I shadowed videographer Brandon Kusz at local NBC affiliate news station WNDU (News Center 16) during the first hours of his shift, which tends to start around 2:30 or 3 to edit and get live shots for the morning news.
Using news, television news in particular, to make money caught on with the success of the news magazine. Straying from just hard news into a mix of topics, they inserted themselves into putting together the story, and took a new pacing and look to create a new genre. The news magazine program still exists today, but as cable channels try to draw in more viewers during prime time and late night (just as 60 Minutes became prime time ) with political commentary programs such as Hannity or The O’Reilly Factor (Fox News.)
Other genres such as comedy have even found a way to use the news to be funny or satirical like self declared “Fake News” shows The Daily Show with Jon Stewart and The Colbert Report on Comedy Central, making fun of politicians, celebrities, and parties alike. The important news meant to inform the audience with the facts may still exist on television, but are now competing and sometimes overshadowed by entertainment and news that leans towards what you want to hear. 60 Minutes may have been the drama of the righteous quest with a social purpose, but now prime time news related programs are more to draw in viewers with opinions or humor. Is it just the capitalist quest with a financial purpose?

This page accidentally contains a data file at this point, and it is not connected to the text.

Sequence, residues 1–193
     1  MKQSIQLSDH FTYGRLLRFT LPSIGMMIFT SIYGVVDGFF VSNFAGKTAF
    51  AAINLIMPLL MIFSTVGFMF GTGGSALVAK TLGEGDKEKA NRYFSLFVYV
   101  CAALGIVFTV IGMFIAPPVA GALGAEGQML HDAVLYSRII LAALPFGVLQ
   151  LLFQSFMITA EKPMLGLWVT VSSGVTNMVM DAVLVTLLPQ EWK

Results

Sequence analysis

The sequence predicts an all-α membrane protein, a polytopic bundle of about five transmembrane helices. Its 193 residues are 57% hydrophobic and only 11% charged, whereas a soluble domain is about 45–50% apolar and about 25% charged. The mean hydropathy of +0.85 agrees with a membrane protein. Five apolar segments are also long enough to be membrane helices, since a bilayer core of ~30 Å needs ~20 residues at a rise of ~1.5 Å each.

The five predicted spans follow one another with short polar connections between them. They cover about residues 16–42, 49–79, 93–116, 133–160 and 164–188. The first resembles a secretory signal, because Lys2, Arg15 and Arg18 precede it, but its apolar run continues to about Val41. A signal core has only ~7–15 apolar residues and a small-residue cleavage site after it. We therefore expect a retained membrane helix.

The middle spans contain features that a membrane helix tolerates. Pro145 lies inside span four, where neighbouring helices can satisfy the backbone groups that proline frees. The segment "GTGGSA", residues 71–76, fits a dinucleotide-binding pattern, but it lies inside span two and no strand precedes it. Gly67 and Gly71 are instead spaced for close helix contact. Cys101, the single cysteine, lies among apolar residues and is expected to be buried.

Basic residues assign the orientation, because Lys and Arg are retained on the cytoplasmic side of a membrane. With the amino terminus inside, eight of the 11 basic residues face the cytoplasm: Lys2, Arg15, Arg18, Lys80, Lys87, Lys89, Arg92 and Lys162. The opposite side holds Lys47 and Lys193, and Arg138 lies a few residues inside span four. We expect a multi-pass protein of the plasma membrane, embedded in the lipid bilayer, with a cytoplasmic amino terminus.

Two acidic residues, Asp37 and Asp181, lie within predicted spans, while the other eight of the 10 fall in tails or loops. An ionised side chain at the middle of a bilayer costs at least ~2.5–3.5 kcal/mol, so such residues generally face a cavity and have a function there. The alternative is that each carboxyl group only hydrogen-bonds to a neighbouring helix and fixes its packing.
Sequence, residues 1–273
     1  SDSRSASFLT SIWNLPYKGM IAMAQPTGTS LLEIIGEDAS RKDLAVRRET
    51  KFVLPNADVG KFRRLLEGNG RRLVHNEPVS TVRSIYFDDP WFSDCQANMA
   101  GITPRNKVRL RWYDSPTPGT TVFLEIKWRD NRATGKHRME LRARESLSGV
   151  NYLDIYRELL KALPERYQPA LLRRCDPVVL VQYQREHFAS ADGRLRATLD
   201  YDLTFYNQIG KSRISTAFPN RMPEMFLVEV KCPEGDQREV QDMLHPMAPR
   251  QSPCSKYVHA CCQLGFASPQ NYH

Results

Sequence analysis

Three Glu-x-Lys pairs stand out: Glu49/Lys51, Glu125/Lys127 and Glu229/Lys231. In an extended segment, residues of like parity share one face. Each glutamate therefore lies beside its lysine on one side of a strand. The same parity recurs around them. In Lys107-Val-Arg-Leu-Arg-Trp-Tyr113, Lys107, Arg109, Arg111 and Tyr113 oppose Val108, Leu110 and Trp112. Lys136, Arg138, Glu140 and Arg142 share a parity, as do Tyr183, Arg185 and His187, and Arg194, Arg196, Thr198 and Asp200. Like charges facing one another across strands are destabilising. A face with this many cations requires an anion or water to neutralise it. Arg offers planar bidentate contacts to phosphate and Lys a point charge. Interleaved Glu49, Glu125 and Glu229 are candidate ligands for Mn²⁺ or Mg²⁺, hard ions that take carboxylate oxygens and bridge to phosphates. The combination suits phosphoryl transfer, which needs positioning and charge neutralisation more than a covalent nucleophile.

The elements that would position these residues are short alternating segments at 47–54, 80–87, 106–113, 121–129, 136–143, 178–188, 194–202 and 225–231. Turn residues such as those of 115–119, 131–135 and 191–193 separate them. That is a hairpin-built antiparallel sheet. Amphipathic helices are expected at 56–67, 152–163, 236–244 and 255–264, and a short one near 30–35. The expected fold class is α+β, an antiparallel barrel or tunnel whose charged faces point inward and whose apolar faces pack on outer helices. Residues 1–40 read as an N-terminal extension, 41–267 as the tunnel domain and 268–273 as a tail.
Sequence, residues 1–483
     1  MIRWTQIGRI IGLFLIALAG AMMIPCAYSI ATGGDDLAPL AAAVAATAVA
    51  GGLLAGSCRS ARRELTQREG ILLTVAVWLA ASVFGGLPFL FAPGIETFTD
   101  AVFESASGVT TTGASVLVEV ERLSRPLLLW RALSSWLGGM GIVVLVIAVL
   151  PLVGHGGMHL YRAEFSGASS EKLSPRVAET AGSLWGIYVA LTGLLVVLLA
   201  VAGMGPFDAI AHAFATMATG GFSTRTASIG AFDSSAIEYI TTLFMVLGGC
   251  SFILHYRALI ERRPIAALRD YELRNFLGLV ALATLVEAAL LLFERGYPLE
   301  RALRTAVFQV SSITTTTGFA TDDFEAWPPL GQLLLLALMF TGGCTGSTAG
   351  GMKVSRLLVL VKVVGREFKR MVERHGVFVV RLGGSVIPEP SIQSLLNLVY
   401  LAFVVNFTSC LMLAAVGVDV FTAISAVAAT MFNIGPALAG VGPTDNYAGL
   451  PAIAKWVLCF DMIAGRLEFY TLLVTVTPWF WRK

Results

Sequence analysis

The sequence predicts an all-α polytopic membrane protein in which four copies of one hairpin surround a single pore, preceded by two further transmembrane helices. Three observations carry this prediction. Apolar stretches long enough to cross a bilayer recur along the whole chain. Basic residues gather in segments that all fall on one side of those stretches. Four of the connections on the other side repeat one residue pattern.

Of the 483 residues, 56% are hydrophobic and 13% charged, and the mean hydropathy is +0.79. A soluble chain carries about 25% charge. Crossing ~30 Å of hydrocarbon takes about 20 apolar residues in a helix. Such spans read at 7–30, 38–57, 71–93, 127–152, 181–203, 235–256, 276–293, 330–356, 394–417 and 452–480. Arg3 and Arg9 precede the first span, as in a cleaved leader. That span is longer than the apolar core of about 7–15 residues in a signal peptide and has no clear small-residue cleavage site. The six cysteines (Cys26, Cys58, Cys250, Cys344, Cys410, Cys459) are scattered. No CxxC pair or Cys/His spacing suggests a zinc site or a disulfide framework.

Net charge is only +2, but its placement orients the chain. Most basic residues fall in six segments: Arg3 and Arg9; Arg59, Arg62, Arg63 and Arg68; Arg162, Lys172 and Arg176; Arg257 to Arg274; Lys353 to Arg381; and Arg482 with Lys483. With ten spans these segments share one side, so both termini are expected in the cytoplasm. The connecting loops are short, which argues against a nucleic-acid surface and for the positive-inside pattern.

News making money was just one way the line between news and business started to blur and make radical changes to the newspaper industry. In the 60s and 70s newspaper began going public to make money. It resulted in the need to appeal to a mass audience and advertisers in order to fund news gathering, changing the business model that supported journalism.
Today, with the prevalence and amount of different news sources online, information and news seems to have gone extremely public in a way: now anyone can write it and post it, digital first and other non-legacy companies have formed online, and news can be accessed by smaller and smaller devices from almost anywhere…for free. This has been a devastating change to the business model that supported newspapers through subscriptions and ads. Why pay for a paper when you can go online, even get the news online from that papers’ s website? Why pay for an ad in the paper when you can post on Craig’s List for free? Papers are still struggling (some shutting down or going to only three days a week instead of a daily paper) to respond to this shift to the Internet. No longer are legacy, traditional news sources the only source of news and no longer do Americans have to pay to learn more.
While Twitter has become a platform for news organizations to posts bursts of breaking news, Facebook, founded only a few years earlier, has become a place for every celebrity, interest, and business to have a place to advertize directly to the people. News organizations are no different. What works about Facebook over Twitter, a website, or a blog?